3 Months out: Fine-tuning
While three months isn’t a long time for a body change, the right nutritional intake and exercise routine can make a significant difference—but you may need to amp up the intensity. Cardio activity should be a staple (at least three days a week) and Beier suggests implementing a four-day strength program – two days of full-body, one day of lower body and one day of upper body. This breakdown allows the major muscle groups (legs) to engage in fat-burning one day, which can improve overall body composition. This pays off on upper-body and full-body days when your exercises will seek to define the smaller muscles that don’t burn as many calories.
Nutritional changes are critical at this stage, if you haven’t been watching your diet. Stick to lean meats, proteins and healthy fats and try to reduce any major carbohydrates after 3 p.m. when people typically are less active. Unused carbohydrates will convert into stored energy – also known as fat. Stick to a diet low in sugar and high in vegetables and protein and make sure you are eating every few hours to keep metabolism in check.
While a three-month cram session can be tough, the key to success in training is setting tangible goals and making them part of your everyday ritual like brushing your teeth, says Lacey Stone, Hollywood fitness expert and personal trainer.
“Go to the gym with hot people, take a [group fitness] class with an attractive instructor. Go to a class and create some sort of community,” she says. “The bottom line is once you start to see results you get to the point of no return, you don’t want to go back to where you were. That momentum makes you want to live a healthy lifestyle.”
A few weeks out: Last-minute changes
Perhaps you booked a last minute beach weekend or you’re in a hurry to get married. A few weeks out doesn’t give much time, but there is something you can do to look a little tighter.
Typically we look bloated or puffy when our body retains too much water, says Laurel House, a lifestyle author, personal trainer and editor of QuickieChick. So several days before the event, start drinking a lot of water and include a splash of lemon or lime to flush out toxins. Diuretic foods – celery, pure cranberry juice, Dandelion tea, green tea, fennel and parsley – also help with de-puffing as they minimize water retention.
High-water foods including asparagus, Brussels sprouts, cucumbers, tomatoes and watermelon also help eliminate excess water, and foods high in potassium – avocado, dates, papaya, bananas, spinach and salmon – will counterbalance puffiness caused by salt or alcohol.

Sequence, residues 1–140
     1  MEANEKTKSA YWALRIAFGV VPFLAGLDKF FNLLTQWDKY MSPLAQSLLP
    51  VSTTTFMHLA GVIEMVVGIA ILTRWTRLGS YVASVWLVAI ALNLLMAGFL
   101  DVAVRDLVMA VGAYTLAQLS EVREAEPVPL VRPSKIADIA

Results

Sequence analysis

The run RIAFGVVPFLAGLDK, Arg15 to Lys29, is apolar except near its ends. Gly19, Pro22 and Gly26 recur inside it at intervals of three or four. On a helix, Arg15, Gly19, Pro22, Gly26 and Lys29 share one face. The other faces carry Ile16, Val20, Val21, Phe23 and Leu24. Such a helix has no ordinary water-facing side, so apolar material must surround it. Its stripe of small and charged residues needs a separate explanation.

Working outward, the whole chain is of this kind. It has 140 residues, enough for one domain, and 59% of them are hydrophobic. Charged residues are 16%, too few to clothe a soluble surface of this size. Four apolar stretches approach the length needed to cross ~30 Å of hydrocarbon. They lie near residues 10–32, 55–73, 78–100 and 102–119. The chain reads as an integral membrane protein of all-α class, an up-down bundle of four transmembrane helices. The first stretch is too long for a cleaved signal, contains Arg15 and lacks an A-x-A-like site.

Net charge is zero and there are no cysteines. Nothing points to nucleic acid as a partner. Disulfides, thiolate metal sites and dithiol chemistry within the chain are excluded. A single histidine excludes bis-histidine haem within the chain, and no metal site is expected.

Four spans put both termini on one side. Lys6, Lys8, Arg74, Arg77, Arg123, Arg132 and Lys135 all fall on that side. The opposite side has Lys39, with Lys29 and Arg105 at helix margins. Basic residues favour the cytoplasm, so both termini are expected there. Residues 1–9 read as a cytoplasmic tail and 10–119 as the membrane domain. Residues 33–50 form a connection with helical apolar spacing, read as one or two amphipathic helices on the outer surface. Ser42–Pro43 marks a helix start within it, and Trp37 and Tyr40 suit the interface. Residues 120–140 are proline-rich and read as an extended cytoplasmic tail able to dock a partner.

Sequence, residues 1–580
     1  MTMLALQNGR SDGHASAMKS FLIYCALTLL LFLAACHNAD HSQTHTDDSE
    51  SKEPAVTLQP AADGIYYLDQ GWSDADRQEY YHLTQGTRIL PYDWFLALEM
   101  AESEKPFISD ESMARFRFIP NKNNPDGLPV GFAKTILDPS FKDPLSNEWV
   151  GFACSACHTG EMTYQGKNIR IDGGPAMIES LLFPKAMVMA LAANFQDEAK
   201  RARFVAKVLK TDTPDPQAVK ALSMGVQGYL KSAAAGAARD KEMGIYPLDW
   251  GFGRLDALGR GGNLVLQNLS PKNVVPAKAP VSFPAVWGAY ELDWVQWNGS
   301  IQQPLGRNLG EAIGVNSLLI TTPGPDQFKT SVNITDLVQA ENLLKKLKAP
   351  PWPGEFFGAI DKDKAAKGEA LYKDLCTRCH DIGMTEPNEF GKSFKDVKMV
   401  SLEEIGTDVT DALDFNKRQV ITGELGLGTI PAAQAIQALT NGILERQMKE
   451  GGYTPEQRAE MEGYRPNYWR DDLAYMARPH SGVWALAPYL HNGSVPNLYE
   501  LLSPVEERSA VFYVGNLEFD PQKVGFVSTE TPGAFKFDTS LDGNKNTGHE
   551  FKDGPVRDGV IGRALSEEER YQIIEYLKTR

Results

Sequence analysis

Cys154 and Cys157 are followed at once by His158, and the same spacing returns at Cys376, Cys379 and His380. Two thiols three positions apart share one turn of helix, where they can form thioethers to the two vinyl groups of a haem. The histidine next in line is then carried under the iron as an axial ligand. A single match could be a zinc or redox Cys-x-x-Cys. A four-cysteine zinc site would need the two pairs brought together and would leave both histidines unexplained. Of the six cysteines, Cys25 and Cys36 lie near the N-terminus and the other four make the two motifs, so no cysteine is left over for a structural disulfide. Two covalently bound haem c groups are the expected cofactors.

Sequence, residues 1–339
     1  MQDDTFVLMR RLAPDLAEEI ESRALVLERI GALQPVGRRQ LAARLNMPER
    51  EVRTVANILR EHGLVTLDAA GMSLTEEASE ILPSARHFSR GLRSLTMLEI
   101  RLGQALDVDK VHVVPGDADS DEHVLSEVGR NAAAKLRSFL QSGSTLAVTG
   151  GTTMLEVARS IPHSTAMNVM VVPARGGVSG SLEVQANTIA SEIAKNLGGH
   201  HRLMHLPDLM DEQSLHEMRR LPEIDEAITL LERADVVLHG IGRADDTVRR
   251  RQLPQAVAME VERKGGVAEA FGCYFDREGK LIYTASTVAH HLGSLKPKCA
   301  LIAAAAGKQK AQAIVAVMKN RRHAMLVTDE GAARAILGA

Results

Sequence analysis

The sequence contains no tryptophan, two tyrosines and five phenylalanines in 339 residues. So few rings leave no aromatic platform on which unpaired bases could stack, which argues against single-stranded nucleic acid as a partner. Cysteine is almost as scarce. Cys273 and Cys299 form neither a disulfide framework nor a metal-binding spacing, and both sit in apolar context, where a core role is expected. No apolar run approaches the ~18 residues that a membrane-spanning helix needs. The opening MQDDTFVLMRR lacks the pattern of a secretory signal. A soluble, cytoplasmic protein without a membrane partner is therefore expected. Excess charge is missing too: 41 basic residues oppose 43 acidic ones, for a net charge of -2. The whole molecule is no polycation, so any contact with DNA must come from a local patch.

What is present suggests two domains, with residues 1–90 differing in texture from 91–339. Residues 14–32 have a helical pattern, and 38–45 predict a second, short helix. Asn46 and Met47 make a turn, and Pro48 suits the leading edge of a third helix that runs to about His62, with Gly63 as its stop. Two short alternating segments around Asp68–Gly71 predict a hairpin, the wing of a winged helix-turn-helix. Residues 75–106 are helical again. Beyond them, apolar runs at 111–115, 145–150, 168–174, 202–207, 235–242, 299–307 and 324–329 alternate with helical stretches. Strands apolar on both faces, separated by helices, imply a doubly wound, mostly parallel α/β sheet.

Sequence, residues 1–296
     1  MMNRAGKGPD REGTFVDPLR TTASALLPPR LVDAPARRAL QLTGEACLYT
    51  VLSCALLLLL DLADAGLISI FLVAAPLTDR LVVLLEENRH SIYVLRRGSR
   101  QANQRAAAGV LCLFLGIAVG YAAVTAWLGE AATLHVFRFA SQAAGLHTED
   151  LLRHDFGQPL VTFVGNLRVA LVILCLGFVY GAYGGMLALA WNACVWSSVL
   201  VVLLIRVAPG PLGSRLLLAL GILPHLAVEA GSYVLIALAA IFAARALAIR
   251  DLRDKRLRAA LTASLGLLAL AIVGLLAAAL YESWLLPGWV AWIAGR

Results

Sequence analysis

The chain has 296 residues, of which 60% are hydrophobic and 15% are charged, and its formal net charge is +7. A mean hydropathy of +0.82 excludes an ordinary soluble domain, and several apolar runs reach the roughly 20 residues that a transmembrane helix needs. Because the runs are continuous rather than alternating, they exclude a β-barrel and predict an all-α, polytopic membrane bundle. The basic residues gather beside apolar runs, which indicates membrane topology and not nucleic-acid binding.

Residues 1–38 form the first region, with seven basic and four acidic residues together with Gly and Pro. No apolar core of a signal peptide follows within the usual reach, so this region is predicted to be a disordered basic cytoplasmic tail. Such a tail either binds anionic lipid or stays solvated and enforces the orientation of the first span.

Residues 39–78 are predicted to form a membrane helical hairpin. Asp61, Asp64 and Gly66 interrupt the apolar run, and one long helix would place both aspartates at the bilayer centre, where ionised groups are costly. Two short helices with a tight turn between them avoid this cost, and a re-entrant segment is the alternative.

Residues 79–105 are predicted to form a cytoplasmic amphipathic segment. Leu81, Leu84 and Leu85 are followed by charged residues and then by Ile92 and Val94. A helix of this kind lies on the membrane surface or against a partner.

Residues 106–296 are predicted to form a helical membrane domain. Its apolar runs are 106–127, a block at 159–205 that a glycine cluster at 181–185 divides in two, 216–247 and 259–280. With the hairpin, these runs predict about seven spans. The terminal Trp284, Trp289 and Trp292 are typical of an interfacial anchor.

Three days leading up to event, minimize carbohydrate (especially white rice, potatoes, pasta and bread) intake to allow the body to slim down and shed excess water. For every one gram of carbohydrate, your body retains 2.5 grams of water, causing you to bloat, she says. You still need carbohydrates for proper brain function and energy, so stick with green vegetables, kale and Brussels sprouts.
You can also include fat-burning foods a couple days before the event – House calls them “Bites with Benefits.” These de-puffing, fat-burning foods actually help to break down fats by liquefying them in your body. They include grapefruit and hot herbs – jalapeno, cinnamon and fresh ginger. Flush fats with foods high in pectin and lecithin such as soybeans, apples and berries.
As for exercise, cut down on resistance training four days prior to your event and focus strictly on cardio so that you are really just burning calories and slimming your body. Two days before, minimize cardio and the day before, House suggests no exercise. Muscles will relax and shrink and you’ll look leaner all over. Minimize water the day of the event to get that sculpted look.
If you’ll be showing off a particular body part (say, shoulders and arms in a strapless dress), House suggests doing 100 seconds of an exercise 20 minutes before the event (say, seated dips).
“Your arms will look nice and defined and tight. You will have that toned look – even if you are not toned,” she says.
But like any cleanse or strict diet, “this is not a healthy way to live long term,” House cautions. “You can do it for one day, you can do it for two days, but you cannot do for more than that.”
“People say it’s so hard, but in the end wouldn’t you rather feel amazing about yourself?” says House, referring to the big day. “Instead of the temporary pleasure of eating seconds, wouldn’t you want to feel amazing for an entire day?”